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Revamp of colonial-era laws (Special)

  • Category
    Polity & Governance
  • Published
    18th Aug, 2023

Context

India’s government moved three bills in the lower house of parliament aimed at overhauling some colonial-era criminal laws, ranging from the controversial sedition law to strengthening laws that protect women and minors.

About the proposed Bills:

  • The Bills are going to repeal and replace the Indian Penal Code (IPC), the Code of Criminal Procedure(CrPC), and the Indian Evidence Act, which were implemented by the British before the country’s independence in 1947 as under;

Previous Act/Code

Proposed Code

Major Changes

Indian Penal Code, 1860

Bharatiya Nyaya Sanhita Bill, 2023

It will have 356 sections instead of the earlier 511 sections, 175 sections have been amended, 8 new sections have been added and 22 sections have been repealed.

Criminal Procedure Code, 1898

Bharatiya Nagarik Suraksha Sanhita Bill, 2023

With 533 sections, 160 sections have been changed, & 9 new sections have been added and 9 sections have been repealed.

Indian Evidence Act, 1872

Bharatiya Sakshya Bill, 2023,

It will now have 170 sections instead of the earlier 167, 23 sections have been changed, 1 new section has been added and 5 repealed.

  • The bill seeks to replace the colonial-era sedition law which was mainly used against Indian political leaders seeking independence from British rule.
  • Also, the state-of-the-art technologies have been incorporated in these laws.
  • The objective of these laws will not be to punish anyone but give justice and in this process punishment will be given where it is required to create a sense of prevention of crime.

Major changes from IPC to BNS Bill

The BNS Bill contains 356 provisions as compared to 511 sections in the IPC. Here are the major changes it proposes.

Sedition:

  • The legislation proposed also seeks to replace the sedition law, which came into force in 1860.
  • The British used the provision to punish Indian leaders seeking independence during the 19th and early 20th century.
  • IPC Section 124-A deals with offence of sedition, prescribing sentence of life imprisonment or imprisonment which may extend to three years, to which fine may be added.
  • Meanwhile, the BNS Bill’s provision 150 under the chapter pertaining to offences against the State covers acts endangering sovereignty, unity and integrity of India.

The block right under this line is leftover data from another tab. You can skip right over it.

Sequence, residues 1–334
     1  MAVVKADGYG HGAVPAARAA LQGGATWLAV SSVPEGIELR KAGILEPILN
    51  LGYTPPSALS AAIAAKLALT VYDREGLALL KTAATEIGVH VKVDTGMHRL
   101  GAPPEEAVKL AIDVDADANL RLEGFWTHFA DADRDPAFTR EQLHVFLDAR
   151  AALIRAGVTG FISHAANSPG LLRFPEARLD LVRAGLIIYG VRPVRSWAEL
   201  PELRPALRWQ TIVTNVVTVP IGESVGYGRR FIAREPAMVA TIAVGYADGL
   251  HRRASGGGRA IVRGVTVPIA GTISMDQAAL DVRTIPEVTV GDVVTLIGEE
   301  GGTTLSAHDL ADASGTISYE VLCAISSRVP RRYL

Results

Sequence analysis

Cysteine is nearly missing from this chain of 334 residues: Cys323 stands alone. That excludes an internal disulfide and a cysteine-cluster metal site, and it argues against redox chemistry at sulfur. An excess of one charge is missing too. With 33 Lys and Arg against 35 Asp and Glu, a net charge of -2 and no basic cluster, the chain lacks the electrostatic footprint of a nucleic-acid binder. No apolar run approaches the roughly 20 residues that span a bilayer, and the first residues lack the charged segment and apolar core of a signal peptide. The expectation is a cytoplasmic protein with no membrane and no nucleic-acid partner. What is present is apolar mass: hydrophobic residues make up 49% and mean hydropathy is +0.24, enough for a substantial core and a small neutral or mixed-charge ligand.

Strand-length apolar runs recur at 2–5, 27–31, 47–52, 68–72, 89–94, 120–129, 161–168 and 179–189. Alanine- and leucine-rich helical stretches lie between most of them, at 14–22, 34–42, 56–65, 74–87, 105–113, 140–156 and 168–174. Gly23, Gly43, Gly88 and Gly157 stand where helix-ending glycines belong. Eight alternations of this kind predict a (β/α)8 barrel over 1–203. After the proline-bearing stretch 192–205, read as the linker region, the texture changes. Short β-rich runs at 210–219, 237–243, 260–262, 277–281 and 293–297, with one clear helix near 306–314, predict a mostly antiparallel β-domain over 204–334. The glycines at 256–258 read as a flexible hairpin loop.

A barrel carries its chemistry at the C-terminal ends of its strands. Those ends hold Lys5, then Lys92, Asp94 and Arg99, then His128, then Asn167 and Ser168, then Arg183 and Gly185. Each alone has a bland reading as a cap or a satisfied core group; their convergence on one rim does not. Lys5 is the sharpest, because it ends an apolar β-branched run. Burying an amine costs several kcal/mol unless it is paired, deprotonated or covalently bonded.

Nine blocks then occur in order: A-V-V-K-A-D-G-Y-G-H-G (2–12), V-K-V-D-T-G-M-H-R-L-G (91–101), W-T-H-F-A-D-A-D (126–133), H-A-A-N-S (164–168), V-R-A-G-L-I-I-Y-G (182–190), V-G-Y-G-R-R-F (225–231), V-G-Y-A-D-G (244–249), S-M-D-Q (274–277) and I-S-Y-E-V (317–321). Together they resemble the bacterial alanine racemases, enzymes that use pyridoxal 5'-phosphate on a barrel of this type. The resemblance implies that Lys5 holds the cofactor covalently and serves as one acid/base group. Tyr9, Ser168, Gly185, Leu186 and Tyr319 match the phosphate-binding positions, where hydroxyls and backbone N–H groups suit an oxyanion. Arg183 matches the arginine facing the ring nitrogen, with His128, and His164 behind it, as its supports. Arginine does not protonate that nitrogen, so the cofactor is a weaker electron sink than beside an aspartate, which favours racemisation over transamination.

• The section says, “Whoever, purposely or knowingly, by words, either spoken or written, or by signs, or by visible representation, or by electronic communication or by use of financial mean, or otherwise, excites or attempts to excite, secession or armed rebellion or subversive activities, or encourages feelings of separatist activities or endangers sovereignty or unity and integrity of India; or indulges in or commits any such act shall be punished with imprisonment for life or with imprisonment which may extend to seven years and shall also be liable to fine.”

Murder:

  • The offence of murder covered under section 302 of the IPC, is covered under provision 101 of the BNS Bill.
  • The punishment, life term or death sentence, remains unchanged.
    • Provision 101 (2) of the BNS Bill says, "when a group of five or more persons acting in concert commits murder on the ground of race, caste or community, sex, place of birth, language, personal belief or any other ground each member of such group shall be punished with death or with imprisonment for life or imprisonment for a term which shall not be less than seven years, and shall also be liable to fine."

Snatching:

  • Another change is a new provision on "snatching" under section 302 of the BNS Bill.
  • It says, "Theft is 'snatching' if, in order to commit theft, the offender suddenly or quickly or forcibly seizes or secures or grabs or takes away from any person or from his possession any moveable property."
  • It proposes imprisonment of up to three years, and liability to fine for whoever commits snatching.

Terrorism:

  • In a first, the BNS Bill defines terrorism, which was not done in the IPC.
  • Provision 111 of the BNS Bill mentions, "A person is said to have committed a terrorist act if he commits any act in India or in any foreign country with the intention to threaten the unity, integrity and security of India, to intimidate the general public or a segment thereof, or to disturb public order by doing an act."

Defamation:

  • IPC directs a punishment of simple imprisonment of up to two years, or with fine, or with both for the offence of defamation.
  • The BNS Bill adds community service to the punishment, proposing a simple imprisonment of up to two years, or with fine, or with both or with community service.